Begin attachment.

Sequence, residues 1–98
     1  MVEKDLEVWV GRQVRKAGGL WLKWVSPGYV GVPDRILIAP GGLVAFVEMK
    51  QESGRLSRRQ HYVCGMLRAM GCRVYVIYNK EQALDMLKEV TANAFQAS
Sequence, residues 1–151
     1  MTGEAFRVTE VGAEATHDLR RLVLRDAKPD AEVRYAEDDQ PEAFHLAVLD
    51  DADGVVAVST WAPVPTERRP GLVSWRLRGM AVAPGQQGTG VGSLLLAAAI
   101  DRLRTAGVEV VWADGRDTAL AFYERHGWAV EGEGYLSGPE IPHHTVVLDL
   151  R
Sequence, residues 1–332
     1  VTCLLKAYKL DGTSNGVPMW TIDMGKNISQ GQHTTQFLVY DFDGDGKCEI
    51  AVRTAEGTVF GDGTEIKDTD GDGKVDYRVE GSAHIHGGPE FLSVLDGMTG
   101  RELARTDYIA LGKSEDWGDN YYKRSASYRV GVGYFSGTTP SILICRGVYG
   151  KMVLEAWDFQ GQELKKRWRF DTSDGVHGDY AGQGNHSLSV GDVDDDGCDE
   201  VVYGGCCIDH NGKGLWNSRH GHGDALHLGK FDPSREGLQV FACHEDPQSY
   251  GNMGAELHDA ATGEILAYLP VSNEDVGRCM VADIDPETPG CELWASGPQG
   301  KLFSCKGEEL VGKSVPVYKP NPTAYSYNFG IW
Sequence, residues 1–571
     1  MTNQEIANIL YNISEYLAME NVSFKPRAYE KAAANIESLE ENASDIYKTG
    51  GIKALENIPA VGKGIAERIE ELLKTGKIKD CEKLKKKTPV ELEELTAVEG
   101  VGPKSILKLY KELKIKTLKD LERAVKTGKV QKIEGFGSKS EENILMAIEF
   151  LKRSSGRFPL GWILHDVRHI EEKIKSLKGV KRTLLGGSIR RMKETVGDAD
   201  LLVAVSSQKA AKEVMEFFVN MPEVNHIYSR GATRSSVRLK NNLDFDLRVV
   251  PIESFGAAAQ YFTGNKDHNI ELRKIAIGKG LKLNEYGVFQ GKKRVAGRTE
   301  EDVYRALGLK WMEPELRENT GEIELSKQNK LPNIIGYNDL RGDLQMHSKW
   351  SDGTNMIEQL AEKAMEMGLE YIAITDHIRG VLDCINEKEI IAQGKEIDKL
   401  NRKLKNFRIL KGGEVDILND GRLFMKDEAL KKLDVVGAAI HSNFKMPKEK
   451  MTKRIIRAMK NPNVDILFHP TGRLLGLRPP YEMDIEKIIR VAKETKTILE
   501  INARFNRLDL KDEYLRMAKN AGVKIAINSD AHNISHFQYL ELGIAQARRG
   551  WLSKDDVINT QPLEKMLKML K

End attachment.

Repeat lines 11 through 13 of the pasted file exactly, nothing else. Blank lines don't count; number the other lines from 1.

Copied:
    51  AVRTAEGTVF GDGTEIKDTD GDGKVDYRVE GSAHIHGGPE FLSVLDGMTG
   101  RELARTDYIA LGKSEDWGDN YYKRSASYRV GVGYFSGTTP SILICRGVYG
   151  KMVLEAWDFQ GQELKKRWRF DTSDGVHGDY AGQGNHSLSV GDVDDDGCDE